It’s no secret that Initial Public Offerings (IPOs) have been the go-to fundraising tool for companies of a certain size for over a century. However, the investing landscape has changed since the heyday of IPOs.
Consider the following:
- In 1980, the median age of a company at its IPO was 6 years, whereas in 2021, the median age was 11.
- In 1980, the median market value of a company at its IPO (adjusted for inflation) was $105 million. In 2021, the median market value was $1.33 billion.
- From 1980 to 2000, there were more than 6,500 IPOs. From 2001 to 2022, there have been fewer than 3,000.
The reality is that many companies are following SPL or Stay Private Longer. Rather than selling shares to the public, these businesses are turning to venture capital funds and the private market. In other words, the boom of early company growth is largely reserved for Ultra High Net Worth, accredited investors. As a result, everyday investors may be limited in their access to quality companies.
First, Some Background
Given IPOs were once a top choice for many investors, the question remains why has that system changed over the years, and why has the IPO become less appealing than ever for companies and investors alike?
One reason is that due to the growing popularity of private investors and venture capital funds, companies no longer need to go public in order to raise money, allowing them to retain control and ownership over their company for a longer time. Then there’s the fact that a stock can lose significant value on Wall Street if it misses on earnings or is perceived to be faltering on the execution of its plans. Add the regulatory burden on companies, and SPL starts to make sense.
Due to the rise of SPL, many companies have already achieved a boost by the time investors have a chance to buy in. In some cases, investors could even take a loss by investing in companies that have just gone public.
Take Uber for example. In 2010, one year after its founding, the ride-sharing app was valued at $5.4 million. By the time they were ready to IPO less than a decade later, analysts put their value at more than $120 billion. Understandably, investors were eager to invest in the company that set a record as the most valuable startup in the world.
Uber went public and made history once again – for the the largest first-day IPO loss of all time. On May 9, 2019, a single share of Uber cost $45. The next day it was down to $42. Barely three years after their IPO, Uber traded at less than $22 per share.
What seemed like a great opportunity to invest in a huge company turned out to be a case of getting on the elevator on the top floor. So what happened?
Uber was an early example of the impact SPL can have on IPOs. By the time they opened the doors to let the public in, the exponential growth phase had already come and gone. While early investors had enjoyed significant earnings, public investors were largely left with losses.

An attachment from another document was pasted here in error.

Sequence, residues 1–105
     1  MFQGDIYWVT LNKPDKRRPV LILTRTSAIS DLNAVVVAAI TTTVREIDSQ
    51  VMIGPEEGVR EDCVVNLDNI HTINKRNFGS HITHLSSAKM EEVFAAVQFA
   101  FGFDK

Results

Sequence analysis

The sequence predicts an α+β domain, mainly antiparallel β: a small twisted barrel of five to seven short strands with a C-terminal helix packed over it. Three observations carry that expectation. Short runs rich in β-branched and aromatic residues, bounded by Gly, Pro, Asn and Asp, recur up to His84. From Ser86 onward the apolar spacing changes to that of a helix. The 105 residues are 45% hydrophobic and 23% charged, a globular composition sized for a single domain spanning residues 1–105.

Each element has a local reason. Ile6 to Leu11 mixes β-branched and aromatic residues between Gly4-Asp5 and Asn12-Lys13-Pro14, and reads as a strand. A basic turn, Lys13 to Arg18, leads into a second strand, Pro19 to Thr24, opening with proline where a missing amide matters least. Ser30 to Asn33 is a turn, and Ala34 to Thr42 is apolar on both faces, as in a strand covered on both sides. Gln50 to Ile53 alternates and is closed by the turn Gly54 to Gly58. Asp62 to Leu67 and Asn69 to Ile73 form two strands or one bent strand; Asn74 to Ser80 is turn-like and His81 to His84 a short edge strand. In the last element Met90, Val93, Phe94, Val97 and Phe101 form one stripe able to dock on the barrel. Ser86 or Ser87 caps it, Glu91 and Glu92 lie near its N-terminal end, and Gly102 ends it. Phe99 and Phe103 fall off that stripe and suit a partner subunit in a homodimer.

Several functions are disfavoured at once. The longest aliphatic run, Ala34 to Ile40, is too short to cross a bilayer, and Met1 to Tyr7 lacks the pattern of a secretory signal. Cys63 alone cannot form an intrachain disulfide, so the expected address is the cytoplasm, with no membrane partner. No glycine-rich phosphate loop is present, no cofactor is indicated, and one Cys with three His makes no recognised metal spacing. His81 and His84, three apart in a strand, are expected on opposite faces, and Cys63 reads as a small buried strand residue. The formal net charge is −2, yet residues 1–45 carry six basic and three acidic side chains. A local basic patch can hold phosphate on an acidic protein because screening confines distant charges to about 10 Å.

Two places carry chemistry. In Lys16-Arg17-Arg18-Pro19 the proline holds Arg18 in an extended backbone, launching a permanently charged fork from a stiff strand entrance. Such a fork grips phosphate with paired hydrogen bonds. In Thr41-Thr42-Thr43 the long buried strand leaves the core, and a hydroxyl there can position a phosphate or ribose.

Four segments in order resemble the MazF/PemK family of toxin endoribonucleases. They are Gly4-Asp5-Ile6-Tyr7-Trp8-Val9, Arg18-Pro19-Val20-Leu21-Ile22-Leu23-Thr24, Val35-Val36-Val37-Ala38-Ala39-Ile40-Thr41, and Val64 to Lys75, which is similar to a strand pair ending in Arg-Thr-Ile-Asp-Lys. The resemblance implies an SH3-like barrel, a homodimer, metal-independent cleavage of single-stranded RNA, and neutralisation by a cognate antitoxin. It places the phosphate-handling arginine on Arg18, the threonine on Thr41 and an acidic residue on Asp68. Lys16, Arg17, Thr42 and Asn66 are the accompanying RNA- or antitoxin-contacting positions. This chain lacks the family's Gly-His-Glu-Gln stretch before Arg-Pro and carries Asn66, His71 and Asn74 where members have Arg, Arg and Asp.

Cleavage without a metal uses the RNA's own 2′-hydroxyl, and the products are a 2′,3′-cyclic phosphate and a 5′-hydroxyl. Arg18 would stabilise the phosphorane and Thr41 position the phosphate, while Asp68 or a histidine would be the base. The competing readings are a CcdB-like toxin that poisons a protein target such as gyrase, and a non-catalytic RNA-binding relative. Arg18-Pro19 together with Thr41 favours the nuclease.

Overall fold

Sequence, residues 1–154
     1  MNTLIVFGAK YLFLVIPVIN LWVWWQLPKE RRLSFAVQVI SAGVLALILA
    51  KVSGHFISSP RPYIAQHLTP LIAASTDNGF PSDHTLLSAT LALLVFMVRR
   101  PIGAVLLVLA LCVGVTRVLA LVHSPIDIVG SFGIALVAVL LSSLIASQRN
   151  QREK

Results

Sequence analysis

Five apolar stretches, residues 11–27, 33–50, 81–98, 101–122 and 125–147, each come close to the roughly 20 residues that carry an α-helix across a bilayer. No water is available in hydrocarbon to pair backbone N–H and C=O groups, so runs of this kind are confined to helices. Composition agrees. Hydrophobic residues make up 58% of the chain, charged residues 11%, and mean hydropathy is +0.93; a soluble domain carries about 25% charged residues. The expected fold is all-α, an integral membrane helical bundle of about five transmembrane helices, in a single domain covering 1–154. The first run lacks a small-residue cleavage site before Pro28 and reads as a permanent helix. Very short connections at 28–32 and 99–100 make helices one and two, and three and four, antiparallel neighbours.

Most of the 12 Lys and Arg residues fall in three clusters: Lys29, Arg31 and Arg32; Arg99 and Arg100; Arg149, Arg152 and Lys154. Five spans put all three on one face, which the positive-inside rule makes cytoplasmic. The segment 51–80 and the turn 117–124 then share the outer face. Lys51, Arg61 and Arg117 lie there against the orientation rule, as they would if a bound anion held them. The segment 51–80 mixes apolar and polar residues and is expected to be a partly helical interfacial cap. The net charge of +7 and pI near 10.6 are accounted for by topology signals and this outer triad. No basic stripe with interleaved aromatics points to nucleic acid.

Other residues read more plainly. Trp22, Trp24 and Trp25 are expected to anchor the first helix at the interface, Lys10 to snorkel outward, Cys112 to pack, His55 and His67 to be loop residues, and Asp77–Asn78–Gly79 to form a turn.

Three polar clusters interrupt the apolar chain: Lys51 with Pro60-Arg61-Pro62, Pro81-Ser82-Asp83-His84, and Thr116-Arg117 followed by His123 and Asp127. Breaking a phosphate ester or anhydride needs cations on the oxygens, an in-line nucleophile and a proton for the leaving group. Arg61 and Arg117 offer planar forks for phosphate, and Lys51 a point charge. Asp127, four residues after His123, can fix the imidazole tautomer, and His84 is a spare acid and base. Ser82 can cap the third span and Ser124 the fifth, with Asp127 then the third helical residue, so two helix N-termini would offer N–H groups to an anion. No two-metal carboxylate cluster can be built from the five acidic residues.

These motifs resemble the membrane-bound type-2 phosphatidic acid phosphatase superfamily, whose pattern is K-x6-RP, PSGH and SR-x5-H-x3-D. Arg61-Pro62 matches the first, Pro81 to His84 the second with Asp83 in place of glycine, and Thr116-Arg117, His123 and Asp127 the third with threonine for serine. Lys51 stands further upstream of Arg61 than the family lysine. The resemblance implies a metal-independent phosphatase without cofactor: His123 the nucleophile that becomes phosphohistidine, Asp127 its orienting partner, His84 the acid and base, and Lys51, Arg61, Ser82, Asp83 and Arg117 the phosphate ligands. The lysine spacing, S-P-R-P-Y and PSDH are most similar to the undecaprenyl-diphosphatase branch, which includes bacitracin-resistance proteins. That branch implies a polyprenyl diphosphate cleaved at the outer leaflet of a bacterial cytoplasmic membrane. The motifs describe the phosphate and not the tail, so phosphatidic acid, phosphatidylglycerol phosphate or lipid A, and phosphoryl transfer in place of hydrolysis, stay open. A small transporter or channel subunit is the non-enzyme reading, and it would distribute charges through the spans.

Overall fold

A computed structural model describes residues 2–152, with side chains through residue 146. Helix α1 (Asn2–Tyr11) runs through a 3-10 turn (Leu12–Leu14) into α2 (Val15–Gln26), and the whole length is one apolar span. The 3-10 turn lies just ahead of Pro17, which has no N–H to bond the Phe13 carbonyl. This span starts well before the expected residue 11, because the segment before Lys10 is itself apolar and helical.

The question marks surrounding public markets could make them a far less enticing investment than they once were, leaving many investors and advisors enticed by the opportunity to invest sooner in a company yet to peak. With only 2,800 public companies with annual revenues greater than $100 million, it makes sense that investors are increasingly seeking to access this attractive opportunity.
Enter private market funds: a modern update created to give investors an entry point into companies before they go public.
Accessing Private Market Opportunities
It’s important to understand how private market investments as a whole differ from traditional investments. This area of investing may include asset classes with relatively low correlation to the stock or bond markets such as real estate and commodities, or non-traditional approaches to investing within special vehicles, such as private equity funds and hedge funds.
Given characteristics including less regulation and less transparency than traditional investments, limited historical risk and return data, unique legal and tax considerations, higher fees, often including performance or incentive fees, highly concentrated portfolios, and possible restrictions on redemptions, they had been limited to accredited investors, considered sophisticated enough to enter into these investments with the knowledge and ability to take on this type of investment.
The good news is that with a surge of new fund structures that allow investors to access these investments, they are no longer monopolized by the ultra-wealthy. The golden days of IPOs may be long gone, but thanks to private funds, investors have a new way to get in at the ground level before notable growth occurs.
Offerings like TIFIN Private Markets provide democratized access for advisors who want to connect their clients with early stage companies. Through such marketplaces, advisors can access private funds with lower fees and minimums than ever before, not to mention increased liquidity. Further, the thoughtfully curated offering within TIFIN Private Markets means that the experts do the research and advisors can help their investors access this growing asset class without having to do the heavy lifting themselves.
As investments in private markets continuing to hit all-time highs, it’s critical that advisors can facilitate this access as to not lose out on clients taking their assets elsewhere. Don’t miss out on providing your clients with the investments they seek within a key asset class. Talk to a member of our team today to learn more about TIFIN Private Markets.
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